[CrossRef]

Saleh, B. E. A.

Schnabel, J.R. E.B.

J. Dennis, J.R. E.B. Schnabel, Numerical Methods for Unconstrained Optimization and Nonlinear Equations (SIAM), 1996).
[CrossRef]

Stuart, A.

M. G. Kendall, A. Stuart, The Advanced Theory of Statistics, 3rd ed. (Charles Griffin, 1969), Vol. 2.

Tanigawa, G.

D. A. Landman, R. Roussel-Dupré, G. Tanigawa, “On the statistical uncertainties associated with line profile fitting,” Astrophys. J. 261, 732–735 (1982).
[CrossRef]

Van Trees, H. L.

H. L. Van Trees, Detection, Estimation and Modulation Theory, Part 1: Detection, Estimation, and Linear Modulation Theory (Wiley, 1968).

Winick, K. A.

Appl. Opt. (1)

Astrophys. J. (1)

J. Ireland, “Precision limits to emission-line profile measuring experiments,” Astrophys. J. 620, 1132–1139 (2005).
[CrossRef]

Astrophys. J. (1)

D. A. Landman, R. Roussel-Dupré, G. Tanigawa, “On the statistical uncertainties associated with line profile fitting,” Astrophys. J. 261, 732–735 (1982).
[CrossRef]

J. Opt. Soc. Am. A (1)

Publ. Astron. Soc. Pac. (1)

D. D. Lenz, T. R. Ayres, “Errors associated with fitting Gaussian profiles to noisy emission-line spectra,” Publ. Astron. Soc. Pac. 104, 1104–1106 (1992).
[CrossRef]

Rev. Sci. Instrum. (1)

N. Bobroff, “Position measurement with a resolution and noise-limited instrument,” Rev. Sci. Instrum. 57, 1152–1157 (1986).
[CrossRef]

Other (5)

H. H. Barrett, K. Myers, Foundations of Image Science (Wiley, 2004).

J. Dennis, J.R. E.B. Schnabel, Numerical Methods for Unconstrained Optimization and Nonlinear Equations (SIAM), 1996).
[CrossRef]

H. L. Van Trees, Detection, Estimation and Modulation Theory, Part 1: Detection, Estimation, and Linear Modulation Theory (Wiley, 1968).

M. G. Kendall, A. Stuart, The Advanced Theory of Statistics, 3rd ed. (Charles Griffin, 1969), Vol. 2.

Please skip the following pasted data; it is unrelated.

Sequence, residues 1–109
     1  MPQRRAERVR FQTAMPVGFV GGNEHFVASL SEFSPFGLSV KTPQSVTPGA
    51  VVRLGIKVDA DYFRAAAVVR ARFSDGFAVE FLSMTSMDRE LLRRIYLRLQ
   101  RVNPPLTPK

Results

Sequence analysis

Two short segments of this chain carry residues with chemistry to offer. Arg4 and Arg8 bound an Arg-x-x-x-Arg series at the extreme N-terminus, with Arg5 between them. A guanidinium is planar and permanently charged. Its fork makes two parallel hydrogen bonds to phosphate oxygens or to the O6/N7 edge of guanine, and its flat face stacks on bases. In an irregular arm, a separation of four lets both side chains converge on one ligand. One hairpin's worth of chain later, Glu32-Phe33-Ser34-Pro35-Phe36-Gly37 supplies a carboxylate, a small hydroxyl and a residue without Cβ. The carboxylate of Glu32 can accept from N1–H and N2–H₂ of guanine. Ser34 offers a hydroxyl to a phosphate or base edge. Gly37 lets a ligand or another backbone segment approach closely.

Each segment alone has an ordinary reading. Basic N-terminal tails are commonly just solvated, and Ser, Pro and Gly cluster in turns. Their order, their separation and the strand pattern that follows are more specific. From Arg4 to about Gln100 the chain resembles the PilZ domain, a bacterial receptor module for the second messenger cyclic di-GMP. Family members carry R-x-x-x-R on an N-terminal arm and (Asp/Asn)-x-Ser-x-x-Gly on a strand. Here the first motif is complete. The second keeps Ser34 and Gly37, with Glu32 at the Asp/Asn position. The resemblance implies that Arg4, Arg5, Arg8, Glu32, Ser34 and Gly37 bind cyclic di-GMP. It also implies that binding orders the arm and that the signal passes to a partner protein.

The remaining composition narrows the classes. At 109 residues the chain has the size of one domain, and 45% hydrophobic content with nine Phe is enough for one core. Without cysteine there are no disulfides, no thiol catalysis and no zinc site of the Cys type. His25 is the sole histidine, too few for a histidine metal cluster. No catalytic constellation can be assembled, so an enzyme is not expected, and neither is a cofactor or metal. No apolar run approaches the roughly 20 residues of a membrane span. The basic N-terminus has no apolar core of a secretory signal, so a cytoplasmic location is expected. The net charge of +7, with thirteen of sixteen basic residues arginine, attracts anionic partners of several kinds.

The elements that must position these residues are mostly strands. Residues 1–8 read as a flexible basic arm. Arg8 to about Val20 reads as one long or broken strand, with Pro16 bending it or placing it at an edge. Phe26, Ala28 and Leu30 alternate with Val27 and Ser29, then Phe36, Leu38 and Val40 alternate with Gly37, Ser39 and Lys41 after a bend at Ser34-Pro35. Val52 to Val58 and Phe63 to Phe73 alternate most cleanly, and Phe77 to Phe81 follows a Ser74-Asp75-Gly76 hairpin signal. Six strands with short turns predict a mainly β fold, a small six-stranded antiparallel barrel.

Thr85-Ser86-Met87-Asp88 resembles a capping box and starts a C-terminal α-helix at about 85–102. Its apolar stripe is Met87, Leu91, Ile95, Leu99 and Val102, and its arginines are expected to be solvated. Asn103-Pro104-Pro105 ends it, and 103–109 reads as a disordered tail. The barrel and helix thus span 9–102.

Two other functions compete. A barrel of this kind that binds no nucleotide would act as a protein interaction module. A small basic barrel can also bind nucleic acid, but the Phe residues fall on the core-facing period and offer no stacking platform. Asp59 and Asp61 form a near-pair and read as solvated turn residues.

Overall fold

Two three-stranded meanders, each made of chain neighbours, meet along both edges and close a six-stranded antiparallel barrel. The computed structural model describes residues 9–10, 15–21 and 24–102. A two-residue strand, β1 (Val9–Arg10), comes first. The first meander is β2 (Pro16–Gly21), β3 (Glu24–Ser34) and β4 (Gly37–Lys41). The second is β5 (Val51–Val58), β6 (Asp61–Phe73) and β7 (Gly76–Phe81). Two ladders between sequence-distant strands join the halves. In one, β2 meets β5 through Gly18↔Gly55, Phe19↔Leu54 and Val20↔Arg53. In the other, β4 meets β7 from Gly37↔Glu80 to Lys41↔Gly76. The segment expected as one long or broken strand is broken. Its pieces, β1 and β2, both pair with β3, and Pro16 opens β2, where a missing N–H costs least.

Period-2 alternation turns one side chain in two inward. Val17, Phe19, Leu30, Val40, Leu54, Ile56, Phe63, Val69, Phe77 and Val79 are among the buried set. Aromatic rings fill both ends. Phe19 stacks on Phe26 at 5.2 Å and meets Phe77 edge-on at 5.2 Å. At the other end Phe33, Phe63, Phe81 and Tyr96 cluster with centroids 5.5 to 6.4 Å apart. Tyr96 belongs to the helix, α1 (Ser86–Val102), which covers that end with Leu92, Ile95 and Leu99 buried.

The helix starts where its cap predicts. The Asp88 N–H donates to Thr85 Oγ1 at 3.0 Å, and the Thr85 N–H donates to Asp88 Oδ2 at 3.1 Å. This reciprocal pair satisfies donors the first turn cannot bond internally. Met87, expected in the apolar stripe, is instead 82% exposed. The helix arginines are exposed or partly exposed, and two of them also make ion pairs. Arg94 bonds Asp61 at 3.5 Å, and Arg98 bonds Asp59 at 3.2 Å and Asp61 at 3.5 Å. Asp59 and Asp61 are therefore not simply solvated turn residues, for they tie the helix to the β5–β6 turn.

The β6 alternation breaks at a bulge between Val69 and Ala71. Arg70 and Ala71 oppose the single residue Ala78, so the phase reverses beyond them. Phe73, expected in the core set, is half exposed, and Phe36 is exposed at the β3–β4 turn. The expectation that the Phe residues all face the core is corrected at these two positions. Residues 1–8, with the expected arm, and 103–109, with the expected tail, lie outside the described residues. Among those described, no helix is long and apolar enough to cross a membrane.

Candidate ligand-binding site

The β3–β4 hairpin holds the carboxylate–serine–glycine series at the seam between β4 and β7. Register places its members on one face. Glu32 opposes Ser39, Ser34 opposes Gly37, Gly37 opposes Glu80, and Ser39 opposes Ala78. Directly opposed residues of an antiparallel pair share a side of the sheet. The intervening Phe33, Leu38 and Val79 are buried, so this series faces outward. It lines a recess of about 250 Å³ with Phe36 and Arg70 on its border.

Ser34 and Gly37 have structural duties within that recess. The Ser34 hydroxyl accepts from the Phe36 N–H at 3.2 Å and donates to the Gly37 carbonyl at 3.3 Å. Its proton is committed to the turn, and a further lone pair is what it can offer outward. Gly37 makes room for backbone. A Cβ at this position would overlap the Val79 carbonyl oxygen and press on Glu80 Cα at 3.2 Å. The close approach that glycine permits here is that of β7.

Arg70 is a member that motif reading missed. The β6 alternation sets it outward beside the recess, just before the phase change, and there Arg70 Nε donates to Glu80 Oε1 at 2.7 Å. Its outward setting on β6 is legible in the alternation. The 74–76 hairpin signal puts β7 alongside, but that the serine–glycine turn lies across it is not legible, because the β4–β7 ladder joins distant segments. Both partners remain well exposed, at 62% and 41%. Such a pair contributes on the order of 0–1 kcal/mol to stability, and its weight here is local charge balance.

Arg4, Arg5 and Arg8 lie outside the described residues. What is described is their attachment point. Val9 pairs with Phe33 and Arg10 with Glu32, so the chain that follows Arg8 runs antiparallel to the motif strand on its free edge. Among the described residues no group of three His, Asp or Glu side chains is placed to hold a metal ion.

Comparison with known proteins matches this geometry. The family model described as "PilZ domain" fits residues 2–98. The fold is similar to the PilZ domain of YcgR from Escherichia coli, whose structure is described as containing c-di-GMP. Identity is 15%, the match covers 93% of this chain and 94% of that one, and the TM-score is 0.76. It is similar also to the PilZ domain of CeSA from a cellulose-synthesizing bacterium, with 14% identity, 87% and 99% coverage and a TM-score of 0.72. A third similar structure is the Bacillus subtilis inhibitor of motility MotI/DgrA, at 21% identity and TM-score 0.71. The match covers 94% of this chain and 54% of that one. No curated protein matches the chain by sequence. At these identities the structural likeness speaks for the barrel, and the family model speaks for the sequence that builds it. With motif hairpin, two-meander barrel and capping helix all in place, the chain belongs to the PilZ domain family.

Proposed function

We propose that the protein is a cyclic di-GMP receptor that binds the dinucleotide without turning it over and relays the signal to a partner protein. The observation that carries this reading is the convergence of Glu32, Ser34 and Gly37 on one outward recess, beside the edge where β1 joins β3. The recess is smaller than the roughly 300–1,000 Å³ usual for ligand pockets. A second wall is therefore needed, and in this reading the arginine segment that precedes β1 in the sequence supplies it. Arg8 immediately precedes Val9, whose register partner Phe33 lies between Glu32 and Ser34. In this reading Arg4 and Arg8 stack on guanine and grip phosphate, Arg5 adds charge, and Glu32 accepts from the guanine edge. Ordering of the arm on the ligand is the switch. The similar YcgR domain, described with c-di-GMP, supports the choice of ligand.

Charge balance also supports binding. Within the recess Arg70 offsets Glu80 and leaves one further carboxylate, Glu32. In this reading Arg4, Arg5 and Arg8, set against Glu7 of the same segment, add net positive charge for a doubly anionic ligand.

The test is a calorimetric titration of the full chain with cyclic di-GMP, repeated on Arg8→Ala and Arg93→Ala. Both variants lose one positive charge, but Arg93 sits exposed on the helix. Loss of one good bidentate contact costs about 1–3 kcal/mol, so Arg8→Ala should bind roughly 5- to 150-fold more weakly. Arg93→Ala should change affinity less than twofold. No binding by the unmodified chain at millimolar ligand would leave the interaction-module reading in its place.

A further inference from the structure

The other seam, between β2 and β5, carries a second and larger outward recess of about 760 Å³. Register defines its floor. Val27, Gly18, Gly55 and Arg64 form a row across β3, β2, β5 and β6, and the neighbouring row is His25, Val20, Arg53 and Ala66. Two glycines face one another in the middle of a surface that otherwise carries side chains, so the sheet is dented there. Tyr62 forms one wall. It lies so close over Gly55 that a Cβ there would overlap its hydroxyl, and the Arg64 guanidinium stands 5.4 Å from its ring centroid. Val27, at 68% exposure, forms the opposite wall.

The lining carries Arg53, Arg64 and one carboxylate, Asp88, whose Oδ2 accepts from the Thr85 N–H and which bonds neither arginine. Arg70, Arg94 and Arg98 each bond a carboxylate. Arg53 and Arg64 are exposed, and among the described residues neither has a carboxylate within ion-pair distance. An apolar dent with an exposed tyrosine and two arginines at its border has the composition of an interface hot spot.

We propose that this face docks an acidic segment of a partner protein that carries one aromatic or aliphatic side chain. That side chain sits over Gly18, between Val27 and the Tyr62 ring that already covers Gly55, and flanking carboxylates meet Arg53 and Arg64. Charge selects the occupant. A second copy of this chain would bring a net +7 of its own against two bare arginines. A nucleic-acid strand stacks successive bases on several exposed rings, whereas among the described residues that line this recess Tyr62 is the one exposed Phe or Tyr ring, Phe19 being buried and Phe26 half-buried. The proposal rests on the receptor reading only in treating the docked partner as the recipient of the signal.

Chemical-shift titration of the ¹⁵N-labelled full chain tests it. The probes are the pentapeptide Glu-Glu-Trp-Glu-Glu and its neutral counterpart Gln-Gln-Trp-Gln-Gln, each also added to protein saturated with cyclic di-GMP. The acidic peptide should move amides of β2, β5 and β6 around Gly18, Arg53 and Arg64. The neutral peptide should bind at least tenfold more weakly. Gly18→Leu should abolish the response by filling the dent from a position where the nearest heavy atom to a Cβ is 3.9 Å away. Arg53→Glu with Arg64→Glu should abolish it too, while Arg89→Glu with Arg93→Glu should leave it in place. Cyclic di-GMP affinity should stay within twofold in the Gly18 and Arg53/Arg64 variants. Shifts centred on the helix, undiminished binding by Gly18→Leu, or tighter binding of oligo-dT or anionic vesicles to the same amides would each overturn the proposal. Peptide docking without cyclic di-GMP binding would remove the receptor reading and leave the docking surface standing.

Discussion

The Interactive Data Language (IDL) software is developed by ITT Visual Information Systems, http://www.ittvis.com/index.asp.

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Figures (6)

Fig. 1
Fig. 1

Example data for a 1D Gaussian profile, generated from the signal ( A = 100.0 , x ¯ = 23.5 , w = 8.0 , σ = 10.0 , δ x = 1 , and M = 101 ). The solid line represents the object f ( x ) (true underlying Gaussian profile); the filled circles represent the measured data values, g.

Fig. 2
Fig. 2

Comparison between the parameter variances as measured by a Monte Carlo simulation (filled circles) and the approximate parameter variance formulas (16) (curves). The model function used for the Monte Carlo simulation is that of Fig. 1, with one of the model parameters allowed to vary, as shown in the figure abscissa. The data for var ( U ^ ) has been rescaled to fit within the plotting range. (Note that the data here was simulated with δ-sampling, so that the bias discussed in Section 6 below is not present in this simulation.)

Fig. 3
Fig. 3

Illustration of constant, linear, and quadratic functions across an idealized pixel. A δ-sampling measurement model selects the function value at the midpoint of the pixel whereas a rect-model selects the mean of the function across the pixel as the result. (The dotted line represents the mean of the parabolic function.)

Fig. 4
Fig. 4

(a) Illustration of the three functions involved in the bias discussion: (1) the underlying continuous function f ( x ) (grey fill), rescaled by 1 / δ x to match the dimensions of g; (2) the piecewise continuous pixel model (stairstep), and (3) the discrete δ-sampled model (spikes). (b) The bias in f ^ ( x ) resulting from using data measured from an array detector while estimating with a δ-sampled model. The curve is calculated from Eq. (28); the filled circles represent data obtained by measuring the bias directly in a simulation. The model f ( x ) used for both (a) and (b) is that of Fig. 1 but measured with 13 pixels rather than 101.

Fig. 5
Fig. 5

Comparison of var ( x ¯ ^ ) determined from Eq. (7) with a Monte Carlo simulation of a Poisson-noise-dominated measurement. In descending order, from top to bottom, the lines and data points correspond to U = 20 000 , 10 000 , 5000 , and 2000 (in units of mean number of photoelectrons).

Fig. 6
Fig. 6

Example data for a 1D Gaussian profile with a quadratic background, generated from the signal ( b 0 = 25.0 , b 1 = 0.15 , b 2 = 0.0008 , A = 100.0 , x ¯ = 23.5 , w = 4.0 , σ = 5.0 , δ x = 1 , and M = 101 ). The solid line represents the object f ( x ) (true underlying Gaussian profile), the filled circles represent the measured data values, g.